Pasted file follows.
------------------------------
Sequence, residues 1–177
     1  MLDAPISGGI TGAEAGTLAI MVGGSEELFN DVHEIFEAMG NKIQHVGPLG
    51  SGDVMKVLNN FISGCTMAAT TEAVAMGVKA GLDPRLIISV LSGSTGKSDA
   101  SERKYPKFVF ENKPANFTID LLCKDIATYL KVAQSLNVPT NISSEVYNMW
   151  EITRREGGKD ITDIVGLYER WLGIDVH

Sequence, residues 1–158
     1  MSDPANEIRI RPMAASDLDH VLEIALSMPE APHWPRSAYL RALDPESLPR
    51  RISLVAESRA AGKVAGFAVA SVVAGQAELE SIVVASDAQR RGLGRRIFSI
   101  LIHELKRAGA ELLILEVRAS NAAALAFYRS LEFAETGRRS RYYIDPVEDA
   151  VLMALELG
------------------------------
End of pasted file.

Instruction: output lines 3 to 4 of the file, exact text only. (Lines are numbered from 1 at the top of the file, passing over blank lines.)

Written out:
    51  SGDVMKVLNN FISGCTMAAT TEAVAMGVKA GLDPRLIISV LSGSTGKSDA
   101  SERKYPKFVF ENKPANFTID LLCKDIATYL KVAQSLNVPT NISSEVYNMW